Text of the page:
Jobs for Nature | Mahi mō te Taiao
Strengthening our shared connections to land, water and ecology
WAI Wānaka currently employs 21 people to carry out environmental activities on farms. This is funded through the Ministry for Primary Industry’s Jobs for Nature / Mahi mō te Taiao fund. Our team work on-farm to assist landowners to accelerate their efforts towards achieving their biosecurity, biodiversity and freshwater goals – as laid out in their farm environment plans.
Working with catchment groups for enduring outcomes this project carries out a number of workstreams to improve ecosystem health across the Upper Clutha basin.
For each workstream, WAI develops a basin-wide strategy and works alongside community groups, councils, DOC and contractors.
Planting – the right tree in the right place
WAI Wānaka works with plant experts, community groups and local nurseries to assist landowners plant the right tree in the right place – whether planting for ecological restoration, riparian planting for water quality or planting for carbon sequestration.
Maintaining these plantings – adding protectors, clearing weeds and mulching – can be a big job but drastically improve the survival and growth rates. The WAI field crew spend a lot of time on post-planting care!
Weed control – improving biosecurity
The team are trained up to help landowners control weeds that are classified as pest species.
Working across properties for increased effectiveness, the team take out broom, gorse, wilding pines and other pest species. This helps minimise loss of native biodiversity through weeds outcompeting natives, and helps reduce the spread of emerging weed species including berberis, sycamore, nasella tussock and rowan.
Animal pest control – protecting soil and vegetation
Assisting landowners with rabbit control by adding and maintaining rabbit proof fences and fumigating helps keep numbers down – reducing soil erosion, protecting native plantings and reducing food source for other pests such as cats, stoats and ferrets.
Possum control, using AT220 auto-resetting traps, is carried out to protect native vegetation. Possums are also vectors for diseases such as TB, so keeping numbers down is important to prevent the spread of these diseases to livestock.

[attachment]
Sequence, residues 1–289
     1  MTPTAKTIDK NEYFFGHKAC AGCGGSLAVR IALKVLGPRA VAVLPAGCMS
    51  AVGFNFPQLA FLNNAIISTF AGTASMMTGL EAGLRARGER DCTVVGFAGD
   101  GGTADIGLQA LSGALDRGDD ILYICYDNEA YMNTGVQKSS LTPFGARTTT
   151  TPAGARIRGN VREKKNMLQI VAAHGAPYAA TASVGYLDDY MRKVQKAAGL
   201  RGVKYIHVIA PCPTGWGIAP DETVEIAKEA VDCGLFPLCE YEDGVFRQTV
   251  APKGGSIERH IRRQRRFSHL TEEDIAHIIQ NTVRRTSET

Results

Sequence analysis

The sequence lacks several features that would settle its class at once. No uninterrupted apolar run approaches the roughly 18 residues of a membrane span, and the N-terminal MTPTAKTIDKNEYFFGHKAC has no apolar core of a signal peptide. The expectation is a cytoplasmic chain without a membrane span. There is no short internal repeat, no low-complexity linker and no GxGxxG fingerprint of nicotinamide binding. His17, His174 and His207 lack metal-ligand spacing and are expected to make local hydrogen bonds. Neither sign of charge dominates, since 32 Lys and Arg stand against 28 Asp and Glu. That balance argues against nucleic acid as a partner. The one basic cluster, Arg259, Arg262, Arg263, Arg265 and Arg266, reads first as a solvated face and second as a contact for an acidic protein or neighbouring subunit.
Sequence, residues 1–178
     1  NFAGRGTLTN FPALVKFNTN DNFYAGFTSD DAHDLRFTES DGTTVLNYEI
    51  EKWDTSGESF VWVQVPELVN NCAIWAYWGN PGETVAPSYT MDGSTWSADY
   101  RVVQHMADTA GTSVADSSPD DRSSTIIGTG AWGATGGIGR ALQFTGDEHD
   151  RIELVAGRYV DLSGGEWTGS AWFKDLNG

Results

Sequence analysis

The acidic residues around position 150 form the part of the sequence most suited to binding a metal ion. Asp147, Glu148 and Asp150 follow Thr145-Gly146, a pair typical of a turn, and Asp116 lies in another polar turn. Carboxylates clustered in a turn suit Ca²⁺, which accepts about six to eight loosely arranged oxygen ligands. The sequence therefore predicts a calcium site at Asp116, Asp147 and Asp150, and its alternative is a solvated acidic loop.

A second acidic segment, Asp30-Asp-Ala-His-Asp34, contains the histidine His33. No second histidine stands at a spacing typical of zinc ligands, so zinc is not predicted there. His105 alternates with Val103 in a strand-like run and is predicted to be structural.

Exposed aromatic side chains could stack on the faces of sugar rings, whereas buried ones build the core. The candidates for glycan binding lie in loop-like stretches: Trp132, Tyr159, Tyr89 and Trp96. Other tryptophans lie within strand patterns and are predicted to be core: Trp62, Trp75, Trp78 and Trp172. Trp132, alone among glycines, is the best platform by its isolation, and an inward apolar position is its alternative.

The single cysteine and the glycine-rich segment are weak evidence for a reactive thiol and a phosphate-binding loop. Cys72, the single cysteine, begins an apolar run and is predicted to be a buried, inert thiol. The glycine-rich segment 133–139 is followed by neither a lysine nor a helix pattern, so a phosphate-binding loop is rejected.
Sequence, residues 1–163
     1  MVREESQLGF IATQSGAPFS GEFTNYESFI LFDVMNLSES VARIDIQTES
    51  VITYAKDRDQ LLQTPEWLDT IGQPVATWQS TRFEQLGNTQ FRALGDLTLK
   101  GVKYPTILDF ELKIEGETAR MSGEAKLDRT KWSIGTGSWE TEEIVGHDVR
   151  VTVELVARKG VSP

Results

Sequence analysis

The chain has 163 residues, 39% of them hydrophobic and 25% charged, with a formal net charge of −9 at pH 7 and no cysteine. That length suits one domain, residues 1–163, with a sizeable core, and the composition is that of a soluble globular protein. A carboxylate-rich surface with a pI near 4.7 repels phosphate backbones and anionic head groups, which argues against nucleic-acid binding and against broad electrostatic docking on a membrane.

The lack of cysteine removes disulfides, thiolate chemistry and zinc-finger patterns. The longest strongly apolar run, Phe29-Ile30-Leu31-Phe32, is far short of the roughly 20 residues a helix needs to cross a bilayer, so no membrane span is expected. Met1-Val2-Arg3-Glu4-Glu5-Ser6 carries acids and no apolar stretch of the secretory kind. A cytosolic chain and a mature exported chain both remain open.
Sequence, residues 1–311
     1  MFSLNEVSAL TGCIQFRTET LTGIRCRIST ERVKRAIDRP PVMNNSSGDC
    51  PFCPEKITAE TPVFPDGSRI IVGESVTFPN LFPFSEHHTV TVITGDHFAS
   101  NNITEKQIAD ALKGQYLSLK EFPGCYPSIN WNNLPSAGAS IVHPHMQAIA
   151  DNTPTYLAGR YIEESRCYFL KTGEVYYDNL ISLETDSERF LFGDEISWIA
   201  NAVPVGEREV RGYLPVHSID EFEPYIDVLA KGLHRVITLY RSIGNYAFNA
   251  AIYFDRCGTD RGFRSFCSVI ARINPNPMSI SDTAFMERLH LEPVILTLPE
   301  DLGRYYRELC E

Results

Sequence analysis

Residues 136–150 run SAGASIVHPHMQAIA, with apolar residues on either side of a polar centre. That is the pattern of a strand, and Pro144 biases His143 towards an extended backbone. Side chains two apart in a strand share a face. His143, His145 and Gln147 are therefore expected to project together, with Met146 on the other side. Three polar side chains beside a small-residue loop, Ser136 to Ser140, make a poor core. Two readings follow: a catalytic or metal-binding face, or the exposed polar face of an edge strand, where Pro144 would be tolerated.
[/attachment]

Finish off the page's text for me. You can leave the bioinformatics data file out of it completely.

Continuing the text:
Biodiversity & Freshwater Monitoring
Biodiversity and freshwater monitoring helps landowners track changes over time to make decisions based on data to protect and improve biodiversity within their farm systems. WAI Wānaka has developed a monitoring package to assist landowners to collect and collate this information.
This includes visual soil assessments, bird counts, stream health assessments (to complement regular nutrient testing) and vegetation photo points.
WAI Wānaka held a series of workshops with landowners to increase understanding the sources of emissions and sequestration of greenhouse gases (GHGs) on farms, and tools currently available to estimate property GHGs.
Landowners are now calculating their emissions and developing plans aligned with information from He Waka Eke Noa and industry bodies.
Since the beginning of WAI Wānaka’s Jobs for Nature programme in November 2020:
Native trees planted by Jobs for Nature field teams
of primary income farms in the catchment are engaged
Properties assisted with rabbit control work
Possum monitoring chewcards distributed and checked in the Cardrona and Maungawera Valleys
Action groups formed:
6 catchment groups (farmers)
4 small landholder groups (20 ha+)
News & Updates
- Rural update 7 April 2022We have our Autumn team trained up and ready to go! It’s a bit dry for planting so a perfect chance to… Read more
- Rural update 23rd March 2022In this update we talk about upcoming winter planting, biodiversity monitoring and pest control and welcome Tom to the management team!
- Community spirit at it’s best!In this newsletter we celebrate the spirit of working together and give you an update on what’s been happening so far this year in WAI Wānaka’s thriving education programme.
- Rural update 22nd February 2022In this update we talk about taking our primary education programme ‘Farmers as Kaitiaki’ online, introducing new roles at WAI Wānaka, native plant education opportunities and more…
- Rural update 9th February 2022How about that rain?! In this newsletter, we farewell Sarah Jamieson, invite you to participate in biodiversity & freshwater monitoring on your property and share upcoming Catchment Group events.
- Rural update 25 January 2022Last chance for funded riparian planting Do you have a site on your property where you think native planting may help improve… Read more
- WAI Wānaka 20212021 has been another year of many challenges for communities around the globe. We would like to take a moment and say… Read more
- This is WAIThis month, we are excited to share our first booklet that explains what WAI does, some local stories and upcoming events with you.